Evaluation of the Aquifer and Springflow Impacts Associated with the Cibolo Creek Transfer Rules

Author LBG-Guyton Associates
Year 2006
Description Use of data and modeling to determine effects on springflow in Comal and San Marcos Springs from Cibolo Transfers (transfers of permits from Bexar to eastern counties)
Publisher LBG-Guyton Associates
Location Bexar County, Hays County, Comal County
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The purpose of this study was to use available data and the Authority’s MODFLOW groundwater model to assess the impact to aquifer water levels and springflow from the transfer of water rights from Bexar County and the western counties to Comal and Hays Counties.  Water right transfers from Bexar County and west into Comal and Hays Counties are referred to as “Cibolo transfers” because Cibolo Creek is the geographic feature between the two areas.  The study was completed on April 13, 2006 by LBG-Guyton Associates, Austin, Texas.

This study was designed to use available data and the EAA MODFLOW groundwater model to assess the impact of Cibolo transfers on aquifer water levels and springflow.

An evaluation of current permits and transfers show that 58 percent of the transfers originate in Bexar County, followed by Medina (26%) and Uvalde (16%). Transfers make 0.51 percent of total permits. Comal County receives the largest portion of transfers (94%) followed by Hays (4%), and Guadalupe (2%).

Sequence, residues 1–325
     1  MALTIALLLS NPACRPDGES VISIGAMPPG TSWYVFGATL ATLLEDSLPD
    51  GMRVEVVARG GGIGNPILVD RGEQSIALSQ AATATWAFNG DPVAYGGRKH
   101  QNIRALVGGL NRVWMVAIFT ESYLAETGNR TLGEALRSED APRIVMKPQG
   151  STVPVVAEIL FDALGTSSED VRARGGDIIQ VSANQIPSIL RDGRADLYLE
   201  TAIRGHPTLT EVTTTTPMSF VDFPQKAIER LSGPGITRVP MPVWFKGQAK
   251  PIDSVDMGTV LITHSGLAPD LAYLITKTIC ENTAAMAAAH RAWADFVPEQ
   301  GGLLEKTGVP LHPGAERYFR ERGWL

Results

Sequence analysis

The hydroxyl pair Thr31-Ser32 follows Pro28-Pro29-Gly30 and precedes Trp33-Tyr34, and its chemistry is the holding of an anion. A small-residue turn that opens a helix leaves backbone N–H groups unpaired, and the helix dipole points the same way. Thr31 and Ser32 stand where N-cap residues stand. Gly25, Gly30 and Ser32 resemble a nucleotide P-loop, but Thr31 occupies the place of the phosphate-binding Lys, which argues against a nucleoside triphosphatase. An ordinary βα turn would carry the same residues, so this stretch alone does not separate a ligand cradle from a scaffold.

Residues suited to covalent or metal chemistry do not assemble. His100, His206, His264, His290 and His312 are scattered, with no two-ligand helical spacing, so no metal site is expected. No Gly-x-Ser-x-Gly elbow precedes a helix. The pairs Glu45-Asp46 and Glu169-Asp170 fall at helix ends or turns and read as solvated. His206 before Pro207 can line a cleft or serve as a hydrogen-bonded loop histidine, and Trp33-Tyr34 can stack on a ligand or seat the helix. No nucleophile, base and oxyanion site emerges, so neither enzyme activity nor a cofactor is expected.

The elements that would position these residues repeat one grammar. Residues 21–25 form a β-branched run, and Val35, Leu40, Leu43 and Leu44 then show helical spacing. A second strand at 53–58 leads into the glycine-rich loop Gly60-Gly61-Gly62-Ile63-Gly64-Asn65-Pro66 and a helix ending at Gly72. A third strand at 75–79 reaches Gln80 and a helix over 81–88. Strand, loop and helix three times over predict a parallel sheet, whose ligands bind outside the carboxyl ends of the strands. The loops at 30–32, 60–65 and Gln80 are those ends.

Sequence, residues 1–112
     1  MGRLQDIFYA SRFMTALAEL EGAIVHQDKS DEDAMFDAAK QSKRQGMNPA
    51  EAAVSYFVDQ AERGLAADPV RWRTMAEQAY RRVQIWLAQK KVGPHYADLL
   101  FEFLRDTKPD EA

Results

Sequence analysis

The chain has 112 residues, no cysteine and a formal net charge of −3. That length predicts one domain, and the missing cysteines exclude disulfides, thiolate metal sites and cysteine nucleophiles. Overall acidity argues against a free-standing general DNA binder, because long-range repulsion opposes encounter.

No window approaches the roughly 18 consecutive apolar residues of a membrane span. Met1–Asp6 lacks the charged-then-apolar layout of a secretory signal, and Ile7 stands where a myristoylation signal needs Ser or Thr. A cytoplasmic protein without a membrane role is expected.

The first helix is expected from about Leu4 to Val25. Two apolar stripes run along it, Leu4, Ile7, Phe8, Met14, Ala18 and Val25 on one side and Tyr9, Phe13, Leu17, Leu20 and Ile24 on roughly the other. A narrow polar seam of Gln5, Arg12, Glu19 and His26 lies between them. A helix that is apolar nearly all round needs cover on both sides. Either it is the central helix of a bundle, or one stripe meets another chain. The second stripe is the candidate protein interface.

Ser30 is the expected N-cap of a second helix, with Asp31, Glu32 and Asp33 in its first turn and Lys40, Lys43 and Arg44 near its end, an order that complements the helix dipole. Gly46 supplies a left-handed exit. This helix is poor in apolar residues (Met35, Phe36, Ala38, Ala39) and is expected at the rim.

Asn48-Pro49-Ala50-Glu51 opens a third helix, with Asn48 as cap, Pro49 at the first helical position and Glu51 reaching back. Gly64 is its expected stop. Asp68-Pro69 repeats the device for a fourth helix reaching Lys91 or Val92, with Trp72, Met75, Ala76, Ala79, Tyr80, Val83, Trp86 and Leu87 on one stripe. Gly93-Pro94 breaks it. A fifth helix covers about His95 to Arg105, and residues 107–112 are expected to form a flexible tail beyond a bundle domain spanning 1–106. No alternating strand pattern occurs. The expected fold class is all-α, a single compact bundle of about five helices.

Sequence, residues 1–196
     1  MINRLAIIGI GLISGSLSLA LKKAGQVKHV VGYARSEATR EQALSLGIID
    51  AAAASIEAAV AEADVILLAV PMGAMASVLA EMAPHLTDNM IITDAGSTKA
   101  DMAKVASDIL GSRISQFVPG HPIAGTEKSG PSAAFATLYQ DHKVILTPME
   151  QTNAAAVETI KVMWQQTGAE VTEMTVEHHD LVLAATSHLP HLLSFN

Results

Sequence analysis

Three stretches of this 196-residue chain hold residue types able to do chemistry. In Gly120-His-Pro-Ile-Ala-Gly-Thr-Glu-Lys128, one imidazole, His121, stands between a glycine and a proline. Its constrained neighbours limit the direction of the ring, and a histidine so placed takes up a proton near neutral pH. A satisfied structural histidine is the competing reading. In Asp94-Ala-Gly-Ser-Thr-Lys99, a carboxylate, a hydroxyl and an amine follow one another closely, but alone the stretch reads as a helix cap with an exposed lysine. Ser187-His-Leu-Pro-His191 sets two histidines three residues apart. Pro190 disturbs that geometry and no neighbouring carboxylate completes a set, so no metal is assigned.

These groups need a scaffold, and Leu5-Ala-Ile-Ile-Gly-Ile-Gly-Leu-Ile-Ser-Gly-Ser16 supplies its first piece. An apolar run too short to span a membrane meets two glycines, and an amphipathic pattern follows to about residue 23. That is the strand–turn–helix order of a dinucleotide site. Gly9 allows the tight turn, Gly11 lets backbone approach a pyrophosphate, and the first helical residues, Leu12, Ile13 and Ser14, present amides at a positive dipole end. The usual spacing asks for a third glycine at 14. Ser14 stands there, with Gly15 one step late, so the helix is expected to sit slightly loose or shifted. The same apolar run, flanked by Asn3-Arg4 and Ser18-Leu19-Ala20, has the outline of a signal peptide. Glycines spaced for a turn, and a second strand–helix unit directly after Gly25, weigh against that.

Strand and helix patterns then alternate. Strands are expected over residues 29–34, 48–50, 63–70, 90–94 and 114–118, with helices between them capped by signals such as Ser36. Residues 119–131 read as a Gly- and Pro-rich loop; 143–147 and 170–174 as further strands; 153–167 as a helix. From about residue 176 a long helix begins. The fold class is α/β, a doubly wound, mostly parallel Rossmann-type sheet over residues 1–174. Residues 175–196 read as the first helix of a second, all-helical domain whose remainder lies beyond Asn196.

Assessment of the faults and springs in the MODFLOW model indicates that the model is generally consistent with the current conceptual model of the aquifer. Based on the modeling methodology used for this study, it is clear that Cibolo transfers impact springflow from San Marcos and Comal Springs.

The model results indicate that the withdrawal location of the transfer can affect the amount of impact that the transfer has on flow from individual springs and on the total springflow. Cibolo transfers generally have a negative effect on San Marcos springflow because San Marcos Springs are located at the end of the flow system, and thus are generally affected by upgradient withdrawals. Model results indicate that on average, San Marcos springflow may be decreased from 0 to 92% of the transfer volume. In seasonally high summer pumping, San Marcos springflow may be decreased from 4 to 313% of the transfer volume. Model results indicate that on average, the impact to Comal springflow ranges from a 51% increase to a 35% decrease of the transfer volume. During peak summer pumping, the maximum impact to Comal springflow ranges from an increase of 7 percent to a decrease of 203 percent of the transfer volume.

Water levels in the Bexar County index well (J-17) increase slightly due to transfers, suggesting that CP/DM triggers for the San Antonio pool would be reached slightly later during any particular dry period then they would have prior to the transfer.